Keeping Your Kids Healthy Throughout the School Year
By now your kids are probably geared up for school, and everyone is
in the process of getting used to a new schedule (hopefully). The last
thing you need is to have your child wake up one morning with a high
fever or, even worse, that dreaded call from the school nurse telling
you to pick up your ill child ASAP.
Come on! School just
Still, many parents find themselves dealing with a sick child early
into the school year. Think about it: Schools are filled with kids (some
of whom may be sniffling and snotting), and as any mom knows, when one
kid comes down with something…anything … it can and will
spread like wildfire.
it's not uncommon for kids to miss school (and for to you miss work, by
extension) within the first couple of months due to colds, strep
throat, the flu or stomach bugs.
To keep your child healthy throughout the school year–from the beginning to the end–here's what you need to do.
Schedule These Appointments
You may have booked these doctor visits over the summer to get them out of the way (kudos!), but if you didn't, do it now.
- Well-child exam.
One of the easiest ways to know your child is off to a healthy start is
to take him in for a visit with the pediatrician or family doctor.
"Routine physicals will vary based on age, but as a standard, your child
should be examined from head to toe," says Nancie Fitch, D.O., Regional
Medical Director at MedExpress in Stroudsburg, Pennsylvania. The doctor
should check your child's eyes, ears, nose, throat, listen to his heart
beat and breathing, check reflexes, do screenings for vision, hearing
and hernias, and possibly perform blood and urine tests, Dr. Fitch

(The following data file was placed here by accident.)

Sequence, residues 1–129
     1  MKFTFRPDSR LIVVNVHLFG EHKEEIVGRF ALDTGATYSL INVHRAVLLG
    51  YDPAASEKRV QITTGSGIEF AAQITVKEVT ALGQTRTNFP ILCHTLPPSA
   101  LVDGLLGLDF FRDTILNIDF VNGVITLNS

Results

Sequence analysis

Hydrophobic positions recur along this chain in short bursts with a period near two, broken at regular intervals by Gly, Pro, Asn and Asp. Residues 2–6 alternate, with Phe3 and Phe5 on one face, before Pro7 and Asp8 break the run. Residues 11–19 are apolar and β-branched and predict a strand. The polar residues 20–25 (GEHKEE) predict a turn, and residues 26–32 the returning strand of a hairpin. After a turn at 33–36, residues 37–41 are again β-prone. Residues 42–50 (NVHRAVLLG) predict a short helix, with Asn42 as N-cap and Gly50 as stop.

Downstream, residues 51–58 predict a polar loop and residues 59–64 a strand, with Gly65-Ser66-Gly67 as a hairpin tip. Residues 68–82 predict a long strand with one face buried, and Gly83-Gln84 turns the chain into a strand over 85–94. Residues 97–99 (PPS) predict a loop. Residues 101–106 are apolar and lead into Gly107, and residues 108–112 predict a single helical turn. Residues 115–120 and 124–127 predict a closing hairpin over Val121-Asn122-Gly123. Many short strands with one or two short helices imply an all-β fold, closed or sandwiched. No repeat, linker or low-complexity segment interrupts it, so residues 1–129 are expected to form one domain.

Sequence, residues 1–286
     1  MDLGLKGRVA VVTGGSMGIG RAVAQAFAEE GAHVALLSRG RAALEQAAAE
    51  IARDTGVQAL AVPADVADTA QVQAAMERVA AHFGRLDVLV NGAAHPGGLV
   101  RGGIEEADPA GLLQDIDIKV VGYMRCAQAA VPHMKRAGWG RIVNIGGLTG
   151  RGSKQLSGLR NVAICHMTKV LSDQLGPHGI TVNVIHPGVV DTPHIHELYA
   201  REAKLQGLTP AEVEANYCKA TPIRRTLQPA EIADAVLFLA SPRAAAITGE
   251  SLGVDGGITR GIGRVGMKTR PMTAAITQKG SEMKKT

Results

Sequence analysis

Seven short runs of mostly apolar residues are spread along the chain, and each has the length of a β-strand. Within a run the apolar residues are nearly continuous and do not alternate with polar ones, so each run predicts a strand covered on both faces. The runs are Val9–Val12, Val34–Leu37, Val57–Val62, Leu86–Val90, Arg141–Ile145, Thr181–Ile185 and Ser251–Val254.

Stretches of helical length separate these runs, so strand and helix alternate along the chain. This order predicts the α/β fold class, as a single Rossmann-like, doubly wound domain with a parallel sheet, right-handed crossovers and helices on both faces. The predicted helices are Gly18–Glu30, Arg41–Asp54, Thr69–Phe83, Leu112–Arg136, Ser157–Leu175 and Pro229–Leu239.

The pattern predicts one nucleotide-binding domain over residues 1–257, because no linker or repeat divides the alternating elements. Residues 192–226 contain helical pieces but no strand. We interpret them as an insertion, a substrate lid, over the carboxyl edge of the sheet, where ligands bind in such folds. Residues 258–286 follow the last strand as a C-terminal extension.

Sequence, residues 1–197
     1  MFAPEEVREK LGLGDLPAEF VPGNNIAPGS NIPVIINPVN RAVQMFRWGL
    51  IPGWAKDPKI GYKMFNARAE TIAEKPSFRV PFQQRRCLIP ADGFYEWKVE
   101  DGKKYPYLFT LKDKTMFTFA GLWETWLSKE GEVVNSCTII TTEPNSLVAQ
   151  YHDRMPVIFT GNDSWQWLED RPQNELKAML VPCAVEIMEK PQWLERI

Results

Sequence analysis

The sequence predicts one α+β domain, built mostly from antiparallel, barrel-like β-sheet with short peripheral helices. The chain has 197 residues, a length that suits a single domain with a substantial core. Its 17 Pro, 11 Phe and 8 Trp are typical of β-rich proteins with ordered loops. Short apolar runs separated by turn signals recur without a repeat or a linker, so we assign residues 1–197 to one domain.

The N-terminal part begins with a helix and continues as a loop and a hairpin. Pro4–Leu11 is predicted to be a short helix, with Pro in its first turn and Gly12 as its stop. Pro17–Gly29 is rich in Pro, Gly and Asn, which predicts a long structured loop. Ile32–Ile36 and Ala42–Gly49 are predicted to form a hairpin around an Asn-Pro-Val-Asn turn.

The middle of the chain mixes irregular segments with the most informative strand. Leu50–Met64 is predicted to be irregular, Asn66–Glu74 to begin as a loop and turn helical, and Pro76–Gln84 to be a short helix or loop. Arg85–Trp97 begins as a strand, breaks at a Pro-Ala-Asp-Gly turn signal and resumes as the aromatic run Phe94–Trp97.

says. Any needed immunizations will also happen during this visit, so
don't forget to bring the shot record. As feared as they may be,
immunizations protect your child again common childhood diseases and
illnesses. (Plus, getting them done now means you won't get the
"deadline" letter from the school nurse!)
- Sports physical.
Speaking of letters, if your child participates in sports, expect to
provide a doctor-signed note of approval to the school. The sports
physical, performed during the well-child exam or at a visit to a
clinic, is extremely important for children preparing for competition
and practice, says Kevin R. Campbell, M.D., assistant professor of
cardiology at the University of North Carolina at Chapel Hill School of
Medicine. The exam screens students for cardiovascular abnormalities,
lung problems and hernias, which may make sports unsafe for them, Dr.
- Eye exam.
Although the general checkup included a brief eye exam, it's a good
idea to have a more thorough screening performed by a specialist, as a
child's eye health is critical to her learning experience. "The health
of the eye can affect how the brain processes visual information, which
in turn, can affect a child's ability to focus and digest information,"
says Cal Roberts, M.D., a clinical professor of ophthalmology and the
Chief Medical Officer at Bausch + Lomb. An eye exam can also possibly
detect non-eye-related health issues. (We talked more in depth about children's eye health here.)
- Dental exam.
Your child's oral health can affect her academic life in a number of
ways. Cavities can be painful and may cause difficulty concentrating,
and black or discolored teeth may put kids at risk for teasing or make
them feel self-conscious, says Shehzad Sheikh, DMD, a family dentist at
Dominion Dental Care in Sterling, Virginia. Kids should have a dental
exam every six months. (There's more about your kid's dental health here.)
Keep Up the Good Health
- Specialty appointments.
According to the American College of Allergy, Asthma and Immunology,
allergies and asthma account for more than 14 million school day
absences annually. If your child suffers from allergies or asthma, an
appointment at the beginning of the school year to discuss any concerns
or needed medication changes can help prevent or reduce flare-ups and